# Which type of regression has the best predictive power for extrapolating for smaller values?

I have a data set which deals with response variable in the order of 10-20. The scatter plot for such a regression appears linear, but the problem being when I predict for test cases using values very small compared to the trained sample the predicted response variables appear in negative values. Please note that the values of the data set predicted should not be negative.

Here is the 3d scatter plot of my data Is there a type of regression which has better predictive power which can perform such operations without such an error?

• Regarding "I predict for test cases using values very small compared to the trained sample". Extrapolating is always a hard problem, and not specifically an issue due to absolute magnitude. If your measurements were from 50 to 300, and you tried to predict down to where they should be 1.0 (or up to where they should be 10,000), then you'd have exactly the same problem. Do you have any model separate to the data measurement, which can be used to constrain predictions? – Neil Slater Mar 18 '17 at 9:04
• I do not have any more data I've used all I have. Is there a better regression or one which does this by the most accuracy in your experience ? – Rahul Aedula Mar 18 '17 at 13:30
• I'm not asking whether you have more data, but whether any model for your measurements exists beyond "must be positive"? E.g. if this represents some physical phenomenon, is there any theoretical model that the data should conform to, so that you are not just fitting statistical model, but have some basis in what you are measuring? If not, and you want a "better regression", please explain what regression model you have used - have you used linear regression based on minimising mean square error? – Neil Slater Mar 18 '17 at 13:36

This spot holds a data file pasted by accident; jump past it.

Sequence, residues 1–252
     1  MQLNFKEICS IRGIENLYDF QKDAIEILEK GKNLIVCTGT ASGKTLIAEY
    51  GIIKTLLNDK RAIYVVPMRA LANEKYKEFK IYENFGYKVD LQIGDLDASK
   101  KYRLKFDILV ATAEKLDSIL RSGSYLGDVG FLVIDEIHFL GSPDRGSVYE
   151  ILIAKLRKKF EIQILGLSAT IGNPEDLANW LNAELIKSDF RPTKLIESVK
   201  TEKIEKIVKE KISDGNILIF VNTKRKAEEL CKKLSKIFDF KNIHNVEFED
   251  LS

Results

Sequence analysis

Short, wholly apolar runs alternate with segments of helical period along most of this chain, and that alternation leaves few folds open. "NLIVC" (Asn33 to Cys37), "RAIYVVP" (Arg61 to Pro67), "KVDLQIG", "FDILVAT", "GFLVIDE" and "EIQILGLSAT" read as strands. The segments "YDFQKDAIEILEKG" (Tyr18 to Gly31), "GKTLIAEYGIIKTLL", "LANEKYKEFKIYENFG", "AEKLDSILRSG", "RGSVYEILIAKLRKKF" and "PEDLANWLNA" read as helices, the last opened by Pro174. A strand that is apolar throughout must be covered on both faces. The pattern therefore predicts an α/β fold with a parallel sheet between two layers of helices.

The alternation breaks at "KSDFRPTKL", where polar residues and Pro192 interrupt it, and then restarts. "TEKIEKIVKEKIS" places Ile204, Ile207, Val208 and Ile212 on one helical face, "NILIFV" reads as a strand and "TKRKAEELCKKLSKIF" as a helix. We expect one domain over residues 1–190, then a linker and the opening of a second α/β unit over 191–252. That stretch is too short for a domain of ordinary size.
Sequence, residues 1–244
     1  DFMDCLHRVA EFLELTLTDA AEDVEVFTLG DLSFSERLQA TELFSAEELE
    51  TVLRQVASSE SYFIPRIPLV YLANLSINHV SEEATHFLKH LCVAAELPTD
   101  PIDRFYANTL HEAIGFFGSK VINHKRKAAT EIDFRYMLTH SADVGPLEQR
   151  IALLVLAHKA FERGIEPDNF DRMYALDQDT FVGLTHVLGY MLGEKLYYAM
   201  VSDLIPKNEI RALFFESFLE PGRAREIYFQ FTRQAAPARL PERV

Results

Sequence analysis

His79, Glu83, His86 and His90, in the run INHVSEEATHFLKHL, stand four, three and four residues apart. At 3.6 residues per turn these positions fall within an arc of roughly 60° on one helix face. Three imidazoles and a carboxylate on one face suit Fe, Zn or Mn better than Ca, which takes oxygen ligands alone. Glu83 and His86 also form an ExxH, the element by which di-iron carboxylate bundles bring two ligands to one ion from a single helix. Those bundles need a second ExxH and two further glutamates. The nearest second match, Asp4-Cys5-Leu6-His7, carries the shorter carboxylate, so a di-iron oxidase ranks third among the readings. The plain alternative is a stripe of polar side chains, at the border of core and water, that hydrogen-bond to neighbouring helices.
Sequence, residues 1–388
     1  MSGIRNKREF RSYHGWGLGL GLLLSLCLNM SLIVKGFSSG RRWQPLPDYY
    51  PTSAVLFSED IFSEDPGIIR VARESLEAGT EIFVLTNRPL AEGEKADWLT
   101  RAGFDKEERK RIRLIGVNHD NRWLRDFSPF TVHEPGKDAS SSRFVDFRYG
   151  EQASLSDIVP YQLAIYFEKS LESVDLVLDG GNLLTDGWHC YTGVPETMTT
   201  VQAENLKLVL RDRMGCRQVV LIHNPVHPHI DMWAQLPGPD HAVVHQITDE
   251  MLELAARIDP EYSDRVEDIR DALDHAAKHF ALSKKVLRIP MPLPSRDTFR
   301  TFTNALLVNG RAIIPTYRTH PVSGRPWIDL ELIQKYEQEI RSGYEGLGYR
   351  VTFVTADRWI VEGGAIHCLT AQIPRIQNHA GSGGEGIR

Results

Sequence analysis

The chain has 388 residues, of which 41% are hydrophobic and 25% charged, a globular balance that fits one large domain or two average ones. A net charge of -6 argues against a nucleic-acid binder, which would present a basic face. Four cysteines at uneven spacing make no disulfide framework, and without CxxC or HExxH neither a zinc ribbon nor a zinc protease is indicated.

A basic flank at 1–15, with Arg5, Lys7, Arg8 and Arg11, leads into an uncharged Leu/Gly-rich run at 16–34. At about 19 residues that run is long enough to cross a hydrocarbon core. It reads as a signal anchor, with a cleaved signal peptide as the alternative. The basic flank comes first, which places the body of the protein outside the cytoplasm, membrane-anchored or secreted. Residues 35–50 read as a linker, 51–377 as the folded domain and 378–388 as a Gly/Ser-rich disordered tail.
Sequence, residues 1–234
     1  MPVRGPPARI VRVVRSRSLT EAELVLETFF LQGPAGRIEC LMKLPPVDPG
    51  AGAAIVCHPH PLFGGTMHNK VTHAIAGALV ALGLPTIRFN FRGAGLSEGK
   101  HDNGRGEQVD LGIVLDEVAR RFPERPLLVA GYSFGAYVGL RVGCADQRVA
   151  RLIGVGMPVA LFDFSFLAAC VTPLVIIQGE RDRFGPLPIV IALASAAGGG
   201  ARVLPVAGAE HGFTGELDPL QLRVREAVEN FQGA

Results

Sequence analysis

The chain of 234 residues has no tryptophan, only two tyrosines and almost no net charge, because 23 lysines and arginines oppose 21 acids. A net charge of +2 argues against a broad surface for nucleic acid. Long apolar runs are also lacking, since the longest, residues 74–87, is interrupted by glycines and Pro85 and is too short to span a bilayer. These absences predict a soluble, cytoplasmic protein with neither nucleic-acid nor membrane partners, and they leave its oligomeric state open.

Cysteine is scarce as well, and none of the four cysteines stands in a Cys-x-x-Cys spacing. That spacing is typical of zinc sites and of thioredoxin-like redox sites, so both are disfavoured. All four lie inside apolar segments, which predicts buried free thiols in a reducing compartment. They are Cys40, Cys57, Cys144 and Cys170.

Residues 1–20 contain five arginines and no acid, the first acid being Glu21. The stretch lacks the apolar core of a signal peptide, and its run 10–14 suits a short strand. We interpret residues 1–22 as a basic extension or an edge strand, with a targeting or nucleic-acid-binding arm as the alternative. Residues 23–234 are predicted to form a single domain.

• Yes as a matter of fact. It is a physical phenomenon. That's why I didn't mention about the data set. It's about Gravitational waves analysis. I'll spare you the details but yes the values have to be positive. Also as far as a theoretical model is concerned we have evaluated that the normal calculations for such a data set take too long hence we are using a regression to estimate such calculations quickly. Keep in mind we don't need high accuracy but it should still be very close to the value. It can't be negative – Rahul Aedula Mar 18 '17 at 13:59